Becoming a doctor is a dream for millions of students. They sit for medical entrances and prepare for 2-3 years to get an entry into their dream medical college. If you are among those, who have already made their way in, then congratulations. Your real struggle starts now. These 4 years in the medical college is a lot of struggle and test of perseverance that you need to keep up, to pass the course successfully. This blog will tell you how you can manage your studies in the formative years of MBBS to become a successful doctor.
1. Read Medical Journals on Topics That You Enjoy
While doing your MBBS course, keep yourself updated, by reading medical journals on your favorite topics. It will give you new perspectives on global health issues, read case studies, and how experts are approaching these problems. Think and analyze, that if you had to face that same problem, how would you approach it?
Apart from learning your theories, these practical ideas will make you a knowledgeable person and you can then discuss these issues with your senior doctors. They have profound knowledge on these issues.
Do not limit yourself to books, theories and grades; those are important, but not enough to develop your critical thinking abilities.
2. Clear Your Concepts, Don’t Run After Grades
Average students always run after grades; good students learn the concepts thoroughly and succeed in the long term. Think about it, have you seen anyone asking a doctor about his grades? Nope. Nobody dares to, because just the fact that you are a medico suggests your caliber in terms of academic success. But even then, many students start cramming up everything, to get good marks in the semesters.
Well, scores are essential; no doubt, you have to pass the examination to become a doctor. However, try to get a clear idea of the process, cases, and reference materials. Even in Anatomy and Physiology, which you need to memorize names and functions, can be streamlined into a mix of concept-based learning and memory power. Students do mug up things, but don’t try to bite more than you can chew.
3. Get Good Mentors and Stick to Them
Mentors are crucial in medical science. Why? Because medicine is arguably the toughest undergraduate course worldwide. Just getting five years question paper and hiring tutors will not help you get through. You need your medical college professors, successful senior students, and some genuinely serious friends, a combination of which will see you through.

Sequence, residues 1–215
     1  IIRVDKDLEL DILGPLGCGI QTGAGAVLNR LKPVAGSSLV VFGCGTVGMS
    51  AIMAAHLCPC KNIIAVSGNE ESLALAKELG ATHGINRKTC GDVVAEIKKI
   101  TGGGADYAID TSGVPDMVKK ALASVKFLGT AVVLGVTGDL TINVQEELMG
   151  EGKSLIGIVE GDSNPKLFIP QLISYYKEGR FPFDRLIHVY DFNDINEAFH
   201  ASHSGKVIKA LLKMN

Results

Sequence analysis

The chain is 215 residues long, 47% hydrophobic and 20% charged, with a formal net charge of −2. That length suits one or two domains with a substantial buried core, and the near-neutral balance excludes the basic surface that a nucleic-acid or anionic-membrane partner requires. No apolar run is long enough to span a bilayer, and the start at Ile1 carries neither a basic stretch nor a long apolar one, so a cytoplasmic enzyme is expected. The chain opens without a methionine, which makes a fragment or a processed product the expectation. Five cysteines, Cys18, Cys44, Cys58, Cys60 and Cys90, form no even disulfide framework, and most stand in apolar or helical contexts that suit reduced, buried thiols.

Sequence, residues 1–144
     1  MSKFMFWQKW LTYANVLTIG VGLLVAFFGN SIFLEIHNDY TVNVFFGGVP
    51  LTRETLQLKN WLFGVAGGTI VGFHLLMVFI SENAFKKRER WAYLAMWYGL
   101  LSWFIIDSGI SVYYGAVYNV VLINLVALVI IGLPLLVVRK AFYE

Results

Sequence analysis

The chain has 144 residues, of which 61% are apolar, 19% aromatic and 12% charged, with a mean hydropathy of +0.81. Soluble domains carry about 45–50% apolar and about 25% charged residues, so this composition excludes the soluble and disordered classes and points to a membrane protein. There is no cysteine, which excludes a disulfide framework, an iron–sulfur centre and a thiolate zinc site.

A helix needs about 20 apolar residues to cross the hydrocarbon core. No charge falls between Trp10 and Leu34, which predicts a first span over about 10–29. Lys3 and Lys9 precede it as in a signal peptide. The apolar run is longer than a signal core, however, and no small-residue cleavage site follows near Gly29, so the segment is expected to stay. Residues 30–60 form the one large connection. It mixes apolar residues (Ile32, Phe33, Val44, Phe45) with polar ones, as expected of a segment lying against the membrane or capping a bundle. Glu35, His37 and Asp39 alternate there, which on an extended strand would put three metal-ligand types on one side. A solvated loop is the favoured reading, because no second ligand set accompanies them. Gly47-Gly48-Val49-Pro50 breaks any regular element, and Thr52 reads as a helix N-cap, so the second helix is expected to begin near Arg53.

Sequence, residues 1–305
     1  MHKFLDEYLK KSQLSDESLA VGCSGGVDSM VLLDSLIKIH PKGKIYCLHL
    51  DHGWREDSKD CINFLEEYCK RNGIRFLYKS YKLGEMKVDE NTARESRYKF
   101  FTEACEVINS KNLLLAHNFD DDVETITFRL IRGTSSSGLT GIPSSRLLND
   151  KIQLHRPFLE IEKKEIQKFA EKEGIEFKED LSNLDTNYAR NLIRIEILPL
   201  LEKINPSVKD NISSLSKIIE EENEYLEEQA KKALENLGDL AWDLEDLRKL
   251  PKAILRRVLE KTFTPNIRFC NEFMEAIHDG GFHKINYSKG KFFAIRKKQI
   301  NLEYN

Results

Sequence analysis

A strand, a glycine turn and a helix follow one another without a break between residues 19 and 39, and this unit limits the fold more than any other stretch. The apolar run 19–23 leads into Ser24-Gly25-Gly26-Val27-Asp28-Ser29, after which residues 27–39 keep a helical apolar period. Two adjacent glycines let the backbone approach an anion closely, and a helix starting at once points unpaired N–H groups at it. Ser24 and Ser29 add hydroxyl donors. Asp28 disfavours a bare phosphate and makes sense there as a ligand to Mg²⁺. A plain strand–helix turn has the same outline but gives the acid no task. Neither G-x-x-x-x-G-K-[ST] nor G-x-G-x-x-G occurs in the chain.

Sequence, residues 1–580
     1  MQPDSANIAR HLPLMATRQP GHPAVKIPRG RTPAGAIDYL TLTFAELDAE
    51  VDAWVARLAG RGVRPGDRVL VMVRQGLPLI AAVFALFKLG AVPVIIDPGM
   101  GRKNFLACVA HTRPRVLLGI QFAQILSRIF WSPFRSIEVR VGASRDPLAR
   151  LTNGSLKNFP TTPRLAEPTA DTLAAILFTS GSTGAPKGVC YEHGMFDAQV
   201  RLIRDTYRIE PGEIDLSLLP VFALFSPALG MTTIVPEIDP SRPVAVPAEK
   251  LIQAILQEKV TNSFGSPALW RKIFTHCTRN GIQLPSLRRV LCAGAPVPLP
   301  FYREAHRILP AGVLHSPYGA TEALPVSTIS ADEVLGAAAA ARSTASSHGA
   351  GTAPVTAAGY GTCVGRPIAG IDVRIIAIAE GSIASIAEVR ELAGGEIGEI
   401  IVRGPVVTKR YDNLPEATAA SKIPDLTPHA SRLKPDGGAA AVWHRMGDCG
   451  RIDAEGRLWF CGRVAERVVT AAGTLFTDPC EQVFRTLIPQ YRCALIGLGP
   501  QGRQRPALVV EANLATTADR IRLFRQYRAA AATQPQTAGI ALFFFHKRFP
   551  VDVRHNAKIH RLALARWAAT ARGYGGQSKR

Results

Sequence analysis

Ideally, you should choose a senior student in the 3rd or 4th year, who will explain to you, in case you fail to understand, suggest you important chapters, methods of study, time allocation, and act as a career guide. Of course, at the end of the day, you decide, but taking these expert opinions will give you more time to think and make your decisions wisely.
Often you think about doing an MD/MS or go abroad for higher qualifications; discuss these things with your mentor and you will get a clear pathway on how to go about your medical studies and future steps.
4. Take Breaks While Studying
Your studies should not look like boot camp training. Long hours of studies will make you tired and develop anxiety in your mind. To deal with this, divide your study time into small segments. For example, if you are studying 6 hours a day, break it into three sessions of 2 hours each, with 30-45 minutes break in between.
During the break, chat with your friends, listen to music, ring up your partner, play something…do anything that you enjoy. When you come back, you are fresh again to start your next session.
Do not force yourself into a stressful situation. Apart from time management, prepare a subject and chapter wise routine, i.e., the chapters you are looking to cover in a week. Keep rotating the chapters in between and make sure that your syllabus can be completed at least 15 days before your semester so that there is enough time to revise.
5. Avoid Group Studies
Group studies are a popular thing among students. However, to be honest, most group studies are a waste of time. You will have friends whose knowledge about EPL and Netflix is more than the chapters that need to be covered. The time for in-depth subjective discussions are a bare minimum and after 2-3 such sessions, you realize that you are wasting your time.
Instead, study on your own, make notes of things that you want to clarify and ask your professor or senior students. It will solve your problem faster, and you can move on to the next chapter at a faster pace.
6. Keep Multiple Reference Books
As a medical student, you need to have multiple reference books, to make sure all the chapters are covered adequately. We all know that some chapters are better explained in one book while others in another one. A successful student will pick up both and study extensively; this improves the depth of your learning and overall performance will improve.
Following a single book is problematic, as you do not get the chance to cross verify the content. Learning by comparing two separate materials helps a student to get the best out of the chapter.
In terms of diagrams, nomenclature, and other minute things, you will be able to find a difference between multiple books. Talk to your mentors, clear your doubts, and learn well.
To do well in your medical course and get outstanding tutors, you can easily visit MyFavTutor and choose an experienced tutor, as per your choice. The platform will give you enough options to choose from and your performance will also improve by a considerable margin. With a massive tutor database, you can start learning any subject. Find one that suits you best, and get going.